My friend ordered the "Atomic Bomb" Daily Special: Spicy pork sausage with chipotle Dijonnaise and applewood-smoked Cheddar cheese. ($7) Two bites and it's pretty apparent why this is called the "Atomic Bomb." The heat is of the slow, gradual, then rapidly engulfing-mouth-in-flame type of heat. You think you're okay for the first bite - it's good, the pork sausage is wonderfully seasoned, and the cheese is nice and sharp - so you greedily take another big bite. Then it hits you. Despite the good kick of heat, I could have used more. Regardless, this should have been the last dog I tried. Unfortunately, it was my first. The heat lingered through the rest of my meal - not a bad thing, but I would have liked to taste the other dogs without that warm, spicy feeling in my mouth and throat.

He also ordered the "Game of the Week," a "Goji Berry Pheasant Sausage with Jerk Dijonnaise, Pappadew Peppers and Butterkäse cheese. ($7.50) You couldn't taste the pheasant by itself (I have no idea wha the goji berry was supposed to do for the sausage - there was only trace amounts). This was a sweet-ish dog, due largely to the peppadew, which also imparted some level of heat. The jerk dijonnaise, which looked not unlike dirty mayo, also contributed to the heat. The cheese was good, but the dices kept falling off, despite the dijonnaise glue. This was probably the least memorable of the dogs we had.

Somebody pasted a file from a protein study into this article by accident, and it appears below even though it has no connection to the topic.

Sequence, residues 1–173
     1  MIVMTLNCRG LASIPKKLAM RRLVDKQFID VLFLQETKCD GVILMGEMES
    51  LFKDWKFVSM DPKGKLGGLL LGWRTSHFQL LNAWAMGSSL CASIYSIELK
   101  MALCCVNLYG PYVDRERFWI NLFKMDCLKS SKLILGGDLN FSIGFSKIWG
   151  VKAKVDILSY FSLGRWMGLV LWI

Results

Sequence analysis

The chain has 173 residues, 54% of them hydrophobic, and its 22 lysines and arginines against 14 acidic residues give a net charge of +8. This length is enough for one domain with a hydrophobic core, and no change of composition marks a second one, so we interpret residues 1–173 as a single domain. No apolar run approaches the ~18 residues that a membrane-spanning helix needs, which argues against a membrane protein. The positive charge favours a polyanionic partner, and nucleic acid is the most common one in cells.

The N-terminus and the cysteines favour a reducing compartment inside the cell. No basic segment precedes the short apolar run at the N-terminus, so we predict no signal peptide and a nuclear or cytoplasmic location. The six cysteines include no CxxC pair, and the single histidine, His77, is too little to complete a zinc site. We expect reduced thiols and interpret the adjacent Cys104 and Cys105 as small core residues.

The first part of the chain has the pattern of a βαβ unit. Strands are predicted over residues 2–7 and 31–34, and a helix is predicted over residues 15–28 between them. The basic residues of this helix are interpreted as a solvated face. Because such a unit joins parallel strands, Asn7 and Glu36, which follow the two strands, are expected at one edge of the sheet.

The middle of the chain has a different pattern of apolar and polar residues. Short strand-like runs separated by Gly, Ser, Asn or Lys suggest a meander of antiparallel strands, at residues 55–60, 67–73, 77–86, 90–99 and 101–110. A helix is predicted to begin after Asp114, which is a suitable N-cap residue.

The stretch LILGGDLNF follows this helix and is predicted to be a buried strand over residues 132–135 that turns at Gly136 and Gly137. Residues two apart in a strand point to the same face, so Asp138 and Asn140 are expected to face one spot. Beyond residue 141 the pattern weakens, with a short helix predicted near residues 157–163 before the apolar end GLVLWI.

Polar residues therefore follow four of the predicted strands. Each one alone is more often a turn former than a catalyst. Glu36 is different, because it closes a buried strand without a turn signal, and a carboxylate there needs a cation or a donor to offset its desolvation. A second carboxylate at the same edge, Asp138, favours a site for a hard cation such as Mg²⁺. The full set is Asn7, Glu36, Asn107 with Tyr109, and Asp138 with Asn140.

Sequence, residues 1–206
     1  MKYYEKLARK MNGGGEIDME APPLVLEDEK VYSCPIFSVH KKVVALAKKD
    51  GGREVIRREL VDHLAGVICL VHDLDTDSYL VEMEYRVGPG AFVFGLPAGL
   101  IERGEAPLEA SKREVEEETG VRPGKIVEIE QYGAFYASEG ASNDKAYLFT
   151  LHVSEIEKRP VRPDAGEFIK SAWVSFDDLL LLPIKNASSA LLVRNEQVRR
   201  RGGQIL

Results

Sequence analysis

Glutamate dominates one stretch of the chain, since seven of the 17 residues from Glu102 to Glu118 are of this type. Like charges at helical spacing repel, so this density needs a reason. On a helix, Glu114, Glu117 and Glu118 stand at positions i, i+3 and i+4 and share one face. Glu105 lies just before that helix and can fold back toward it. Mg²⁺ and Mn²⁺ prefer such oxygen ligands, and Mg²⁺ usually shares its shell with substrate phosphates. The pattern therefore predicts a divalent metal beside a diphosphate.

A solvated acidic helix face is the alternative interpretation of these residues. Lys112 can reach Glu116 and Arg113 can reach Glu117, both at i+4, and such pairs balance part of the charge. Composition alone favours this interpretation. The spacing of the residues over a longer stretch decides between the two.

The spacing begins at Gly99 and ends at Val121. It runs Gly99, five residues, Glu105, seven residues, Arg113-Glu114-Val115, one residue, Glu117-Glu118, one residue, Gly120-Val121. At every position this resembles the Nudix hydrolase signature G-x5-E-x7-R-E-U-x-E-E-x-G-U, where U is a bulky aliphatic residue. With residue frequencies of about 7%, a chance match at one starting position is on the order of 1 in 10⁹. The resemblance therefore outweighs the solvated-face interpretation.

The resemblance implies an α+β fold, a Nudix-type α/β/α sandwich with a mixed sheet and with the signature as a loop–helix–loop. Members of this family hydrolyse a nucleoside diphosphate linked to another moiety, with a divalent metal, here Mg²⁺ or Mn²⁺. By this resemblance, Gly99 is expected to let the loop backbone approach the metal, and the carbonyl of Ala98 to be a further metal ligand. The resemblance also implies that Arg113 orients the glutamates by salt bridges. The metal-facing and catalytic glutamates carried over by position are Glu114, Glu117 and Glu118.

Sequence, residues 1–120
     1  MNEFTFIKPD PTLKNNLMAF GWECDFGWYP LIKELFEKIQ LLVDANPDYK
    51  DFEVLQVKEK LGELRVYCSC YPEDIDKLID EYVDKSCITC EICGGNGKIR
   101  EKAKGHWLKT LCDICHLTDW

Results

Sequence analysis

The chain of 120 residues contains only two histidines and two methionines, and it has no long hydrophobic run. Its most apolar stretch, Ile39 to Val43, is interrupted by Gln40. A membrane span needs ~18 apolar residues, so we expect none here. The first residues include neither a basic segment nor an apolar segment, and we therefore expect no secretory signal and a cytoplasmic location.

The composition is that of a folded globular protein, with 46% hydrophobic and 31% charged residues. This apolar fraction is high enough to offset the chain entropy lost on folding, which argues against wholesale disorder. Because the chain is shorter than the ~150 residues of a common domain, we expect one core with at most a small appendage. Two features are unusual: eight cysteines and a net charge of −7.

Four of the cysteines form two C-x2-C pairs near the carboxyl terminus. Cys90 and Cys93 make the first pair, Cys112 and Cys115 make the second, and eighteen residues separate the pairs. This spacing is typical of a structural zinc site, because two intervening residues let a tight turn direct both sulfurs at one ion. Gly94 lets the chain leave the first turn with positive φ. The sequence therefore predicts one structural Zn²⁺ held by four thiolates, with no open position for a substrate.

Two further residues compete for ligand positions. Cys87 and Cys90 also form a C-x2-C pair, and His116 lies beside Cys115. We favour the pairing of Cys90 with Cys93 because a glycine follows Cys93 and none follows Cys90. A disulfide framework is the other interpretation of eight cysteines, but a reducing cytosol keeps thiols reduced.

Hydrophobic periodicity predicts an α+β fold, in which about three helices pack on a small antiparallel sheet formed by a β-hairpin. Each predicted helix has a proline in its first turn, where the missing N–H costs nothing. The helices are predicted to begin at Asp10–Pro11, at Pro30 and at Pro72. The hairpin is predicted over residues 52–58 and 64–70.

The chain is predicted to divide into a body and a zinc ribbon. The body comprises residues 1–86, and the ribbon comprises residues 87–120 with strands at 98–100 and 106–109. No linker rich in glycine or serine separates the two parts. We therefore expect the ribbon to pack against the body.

Lastly, my other friend got "The Dog," the original Chicago-Style Hot Dog with all the trimmings. ($1.75) When you order "The Dog," you're given a choice of weiner cooking methods: steamed, grilled, fried, or fried-and-grilled. My friend (wisely) choose grilled. This dog (served on a poppyseed bun) ended up taking second to the chicken sausage. The key to its success was the many different flavors (salty, sweet, tart, fresh) and textures (juicy, crispy, crunchy, meaty, etc...). Actually, I think the real key was the relish. It's a lot sweeter than I'm used to. It's also a lot more green. It's *neon* green. I thought it might be because it happened to be St. Patrick's weekend, but it's not - it's always that *neon* green. It almost looks toxic.